Whether the waring factions of academia are right or wrong will ultimately be decided by what happens in the clinical studies that are currently ongoing.

My guess is that they are both right (and wrong).

The results presented by Roche and Prothena this week are encouraging and deserve further analysis and discussion. I’ll let you know when we hear anything new.

 

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Some of the companies mentioned in this post are publicly traded companies. That said, the material presented on this page should under no circumstances be considered financial advice. Any actions taken by the reader based on reading this material is the sole responsibility of the reader. None of the companies have requested that this material be produced, nor has the author had any contact with the companies beyond speaking with researcher employees about study data. This post has been produced for educational purposes only.


The banner for today’s post was sourced from Roche

6 thoughts on “The PASADENA study announcement (part 2)

  1. Thanks for the details on this Simon. Very interesting indeed. So if the total UPDRS is not different between placebo and treated groups, but part III was significant, does this imply that parts I, II and IV actually got worse in the treated groups? Or is the Part III result too diluted to show significant change?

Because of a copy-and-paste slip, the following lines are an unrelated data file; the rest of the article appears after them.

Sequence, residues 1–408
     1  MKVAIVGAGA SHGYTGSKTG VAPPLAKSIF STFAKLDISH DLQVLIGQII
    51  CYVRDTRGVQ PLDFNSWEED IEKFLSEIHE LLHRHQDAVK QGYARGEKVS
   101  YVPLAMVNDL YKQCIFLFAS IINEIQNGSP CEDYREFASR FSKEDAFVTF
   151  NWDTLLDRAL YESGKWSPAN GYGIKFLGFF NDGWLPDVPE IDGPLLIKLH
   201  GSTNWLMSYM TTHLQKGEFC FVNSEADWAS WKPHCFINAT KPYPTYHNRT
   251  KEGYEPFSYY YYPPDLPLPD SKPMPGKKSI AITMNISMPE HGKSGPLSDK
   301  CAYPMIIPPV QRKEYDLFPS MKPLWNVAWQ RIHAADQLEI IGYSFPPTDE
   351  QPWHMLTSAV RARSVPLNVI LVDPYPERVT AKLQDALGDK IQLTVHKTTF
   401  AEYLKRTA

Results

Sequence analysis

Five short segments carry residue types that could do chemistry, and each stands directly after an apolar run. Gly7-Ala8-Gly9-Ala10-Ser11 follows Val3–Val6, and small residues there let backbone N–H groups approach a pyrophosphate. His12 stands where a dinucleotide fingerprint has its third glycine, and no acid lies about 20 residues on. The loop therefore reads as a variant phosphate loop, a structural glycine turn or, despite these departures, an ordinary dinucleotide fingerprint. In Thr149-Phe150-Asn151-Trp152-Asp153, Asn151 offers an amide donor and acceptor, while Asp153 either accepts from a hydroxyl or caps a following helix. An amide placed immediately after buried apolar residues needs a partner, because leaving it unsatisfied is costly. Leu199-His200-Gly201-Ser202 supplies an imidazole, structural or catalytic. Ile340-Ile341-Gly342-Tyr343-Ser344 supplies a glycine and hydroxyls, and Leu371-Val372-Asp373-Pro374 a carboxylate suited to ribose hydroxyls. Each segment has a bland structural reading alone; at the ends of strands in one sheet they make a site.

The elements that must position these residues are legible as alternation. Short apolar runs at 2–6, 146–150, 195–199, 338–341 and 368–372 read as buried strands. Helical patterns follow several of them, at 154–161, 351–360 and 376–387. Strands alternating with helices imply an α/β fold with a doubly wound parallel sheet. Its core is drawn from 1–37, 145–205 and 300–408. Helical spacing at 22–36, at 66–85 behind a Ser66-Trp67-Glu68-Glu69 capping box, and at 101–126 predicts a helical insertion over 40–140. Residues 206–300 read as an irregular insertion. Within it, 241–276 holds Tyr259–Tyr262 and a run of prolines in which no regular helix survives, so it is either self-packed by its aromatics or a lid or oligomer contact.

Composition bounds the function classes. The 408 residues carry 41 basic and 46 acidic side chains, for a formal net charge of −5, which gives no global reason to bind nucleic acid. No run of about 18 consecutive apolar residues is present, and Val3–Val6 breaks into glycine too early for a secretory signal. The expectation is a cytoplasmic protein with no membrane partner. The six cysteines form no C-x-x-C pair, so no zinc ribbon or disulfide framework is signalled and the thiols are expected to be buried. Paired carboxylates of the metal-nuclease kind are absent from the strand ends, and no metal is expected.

Also, it appears the baseline of the treated group started off with significantly lower blood flow than the placebo group. And the treated group appears to have had an increase of blood flow to the Putamen over the 52-week period. With 316 people enrolled in the trial, why do the FMRI results only compare 69 participants ? Are the graphics ‘merged’ to show an average response among brains? What difference does blood flow really make if the DaT scans are undifferentiated? Could it signal the treated group was ‘trying’ harder, but with a worse initial baseline than the placebo group, wasn’t going anywhere?
    Finally, there’s also the observation that the results don’t appear to be dose dependent.
    So, while interesting, it isn’t clear that it constitutes a breakthrough yet.
    Fingers crossed for results from the second year of phase II, and continued retardation of progression in phase III.
    Thanks again,
    Tom

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    1. Hi Tom,
      Thanks for your really interesting comment.
      The difference in the absense of UPDRS Parts I & II is an intriguing aspect of the results, but I don’t think we should assume anything about the unpresented data. Part I & II are patient-based measures of non-motor and motor experiences of daily living (respectively) and can reflect tolerability issues of the treatment. The safety data, however, suggests no difference between the 3 treatment groups in terms of adverse events so this seems unlikely.